The SEIA: Will their Solar Bill of Rights become reality? Could it work in the Middle East?
Solar energy as one of the world’s best alternative energy sources is already an important discussion topic during the ongoing COP 15 conference in Copenhagen.
One group in particular, the Solar Energy Industries Association (SEIA) is pushing the use of solar energy as a major source of power for countries around the world where there are sufficient photovoltaic sources (i.e. sunshine concentrations for conversion into electricity) to provide solar energy during at least 300 days of the year.
This idea will hold in countries in the Middle East, including Israel where ample sunlight is available as much as 340 days a year. Environmental media source companies, such as America’s Tigercomm, represented by VP Mark Sokolov are at COP 15 trying to make participants more aware of the importance of solar energy as a viable and clean power source.
One of the most important and thought provoking ideas being presented by the SEIA is what they refer to as the Solar Bill of Rights, which was started in the USA and list 8 points as to why Americans should have the right to decide on having some or all their electricity supplied by environmentally “clean” solar power instead of “dirty” power supplied by fossil fuels.
The SIEA feels that this issue is of such world-wide importance that its representatives will be releasing a report at the conference on Monday, December 14 (that’s today!) showing how to achieve 12% to 15% of global electricity from solar sources by 2020; and the corresponding carbon reductions by country, including those in the Middle East.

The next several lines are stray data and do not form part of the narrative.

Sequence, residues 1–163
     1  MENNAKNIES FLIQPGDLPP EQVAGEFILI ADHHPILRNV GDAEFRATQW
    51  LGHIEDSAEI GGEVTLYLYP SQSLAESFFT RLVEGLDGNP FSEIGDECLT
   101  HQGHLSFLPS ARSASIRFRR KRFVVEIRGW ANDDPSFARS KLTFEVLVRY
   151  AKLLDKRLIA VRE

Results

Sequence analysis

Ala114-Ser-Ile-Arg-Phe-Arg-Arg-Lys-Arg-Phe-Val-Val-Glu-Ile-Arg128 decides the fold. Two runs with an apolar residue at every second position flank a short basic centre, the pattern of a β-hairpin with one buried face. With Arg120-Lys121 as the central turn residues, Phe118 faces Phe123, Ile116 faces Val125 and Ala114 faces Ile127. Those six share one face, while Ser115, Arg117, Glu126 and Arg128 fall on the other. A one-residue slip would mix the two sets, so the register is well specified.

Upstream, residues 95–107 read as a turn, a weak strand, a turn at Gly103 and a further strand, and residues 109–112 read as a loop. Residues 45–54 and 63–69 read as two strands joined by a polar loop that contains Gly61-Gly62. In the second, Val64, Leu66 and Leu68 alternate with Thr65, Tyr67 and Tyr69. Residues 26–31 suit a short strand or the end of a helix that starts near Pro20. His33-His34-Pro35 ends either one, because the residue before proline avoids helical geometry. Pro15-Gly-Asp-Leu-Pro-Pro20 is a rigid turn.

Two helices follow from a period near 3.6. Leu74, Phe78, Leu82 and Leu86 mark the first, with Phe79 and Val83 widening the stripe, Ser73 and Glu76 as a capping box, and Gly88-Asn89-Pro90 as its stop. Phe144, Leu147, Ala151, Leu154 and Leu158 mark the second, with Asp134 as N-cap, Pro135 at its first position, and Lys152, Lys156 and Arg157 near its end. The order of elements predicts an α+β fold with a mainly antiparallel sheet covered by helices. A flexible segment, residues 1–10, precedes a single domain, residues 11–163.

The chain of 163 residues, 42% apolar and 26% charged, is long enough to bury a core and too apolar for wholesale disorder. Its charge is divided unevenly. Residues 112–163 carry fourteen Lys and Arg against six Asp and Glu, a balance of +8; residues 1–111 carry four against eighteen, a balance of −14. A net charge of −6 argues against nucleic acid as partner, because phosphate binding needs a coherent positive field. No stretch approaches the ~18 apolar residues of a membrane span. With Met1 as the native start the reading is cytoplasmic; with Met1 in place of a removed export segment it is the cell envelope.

They feel that America can be a leader in this effort as a large part of the USA has more than ample amounts of photovoltaic sunlight available to produce at least 15% of America’s total electricity needs by the year 2020, and perhaps as much as 65% by the end of this century (see map).
With all of this focus on solar energy in America and in Europe, including such EU solar energy leaders as Spain and Germany, where do countries in the Middle East fit in, where annual days of sufficient sunlight surpass even those in the USA, including solar intensive regions like the American Southwest?
A number of solar energy companies represented at the COP 15 conference already have solar energy projects either planned or ongoing in the Middle East, including a company called AUSRA, based in Mountain View California.
AUSRA is already involved in a large solar energy project in Jordan, as well as in Australia, a country-continent that is rich in available sunshine for use in making electricity.
Will countries in the Middle East make efforts to develop solar energy as a power source, even though many of them still have plenty of oil left for powering their own electric power plants?
Some of them already have become involved in solar energy, especially oil-poor countries like Lebanon, Israel, Jordan and Syria.
Others, especially in the Persian Gulf region, are also involved in solar energy projects, including Dubai, Abu Dhai, Kuwait, Oman, and Saudi Arabia.
Whether these efforts will result in residents of these countries having a solar energy bill of rights of their own is too early to tell, since this “bill” is not officially in force in the USA either; due to a number of reasons, including the continuing influence of major American energy companies who are still tied to using fossil fuels.
So as such, everyone interested in promoting solar energy as a power source will be watching to see if a Solar Energy Bill of Rights receives enough attention in a country where oil is still very much favored as an energy sources to heat and cool homes and businesses, and to propel cars and other forms of transportation.
Map and illustration via SEIA